This all makes sense to me. Makes sense about the need to lure at points too.

Thx.

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Chris keeps on his desk a squeek box from one of the toys he destroyed long time ago - it makes a boingggg! sound when pressed and it's in a little white box. Which looks very much like the clicker. And since we've been tormenting Ouzo with the "boinggg!" box for a couple of years now, he thought this is his time to grab the evil box and squeek it himself :D

 

I will keep you posted on our clicker training - if he doesn't eat it before that :rolleyes:

 

:D

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So, another question.

 

Once I get Colt good with the stranger danger again which is the reason I went to Control Unleashed in the first place as everything else is just great, can I phase out the clicker and the treats the way I did before when I used treats as a counter conditioner to the approaching people on the trails. Once he seemed over it, I stopped the treating and he was fine for a couple of months. It has returned in adolescence as I was warned it might.

 

Of course if I decide to do agility or ever need to train any thing else I would go to a clicker in a flash.

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So, another question.

 

Once I get Colt good with the stranger danger again which is the reason I went to Control Unleashed in the first place as everything else is just great, can I phase out the clicker and the treats the way I did before when I used treats as a counter conditioner to the approaching people on the trails. Once he seemed over it, I stopped the treating and he was fine for a couple of months. It has returned in adolescence as I was warned it might.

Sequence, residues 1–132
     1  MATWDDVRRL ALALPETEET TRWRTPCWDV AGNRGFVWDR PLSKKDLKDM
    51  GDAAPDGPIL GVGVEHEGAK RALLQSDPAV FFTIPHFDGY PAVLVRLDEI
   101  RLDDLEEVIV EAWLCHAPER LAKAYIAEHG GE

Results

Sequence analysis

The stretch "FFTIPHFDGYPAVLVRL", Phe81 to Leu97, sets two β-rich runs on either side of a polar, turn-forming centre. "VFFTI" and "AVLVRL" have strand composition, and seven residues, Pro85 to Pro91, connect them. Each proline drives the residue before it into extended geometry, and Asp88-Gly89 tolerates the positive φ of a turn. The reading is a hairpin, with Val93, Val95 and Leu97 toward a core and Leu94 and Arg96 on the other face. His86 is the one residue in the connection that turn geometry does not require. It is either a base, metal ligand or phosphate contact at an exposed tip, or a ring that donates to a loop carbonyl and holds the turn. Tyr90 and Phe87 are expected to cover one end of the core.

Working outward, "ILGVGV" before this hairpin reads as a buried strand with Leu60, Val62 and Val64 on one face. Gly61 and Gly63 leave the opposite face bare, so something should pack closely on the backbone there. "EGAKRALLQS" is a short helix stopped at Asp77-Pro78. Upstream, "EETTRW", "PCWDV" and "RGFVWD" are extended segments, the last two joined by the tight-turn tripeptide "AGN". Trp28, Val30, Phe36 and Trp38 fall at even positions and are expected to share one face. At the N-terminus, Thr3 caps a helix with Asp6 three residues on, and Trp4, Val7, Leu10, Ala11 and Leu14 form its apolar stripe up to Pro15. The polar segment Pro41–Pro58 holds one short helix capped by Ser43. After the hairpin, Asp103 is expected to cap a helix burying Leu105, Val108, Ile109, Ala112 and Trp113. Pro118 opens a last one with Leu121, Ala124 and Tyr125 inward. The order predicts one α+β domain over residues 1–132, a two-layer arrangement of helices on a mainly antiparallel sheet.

Of course if I decide to do agility or ever need to train any thing else I would go to a clicker in a flash.

 

At some point you should be able to. You might want to go back to it periodically as a refresher, but once the dog gets to the point where the trigger (strangers) does not bother him anymore, you should be able to phase it out in many situations.

 

I used Look at That (from Control Unleashed) with a clicker with Dean to work him through motion sensitivity. I never need to play it with him now in that situation. He can watch dogs do Agility with interest and it doesn't stimulate him or anything. I still use the game with him for other things, though.

 

There are dogs who need more help for a longer time - it just depends on the dog.

 

But it's not like you'll have to carry a clicker everywhere for the rest of your life or something.

 

My one caution is not to try to get to that point too fast. You'll be able to tell when your dog is ready. Until that time, doing what makes the dog most comfortable will get you better results in the long run.

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snip

 

There are dogs who need more help for a longer time - it just depends on the dog.

 

But it's not like you'll have to carry a clicker everywhere for the rest of your life or something.

 

My one caution is not to try to get to that point too fast. You'll be able to tell when your dog is ready. Until that time, doing what makes the dog most comfortable will get you better results in the long run.

 

This sounds good. Thx Root Beer.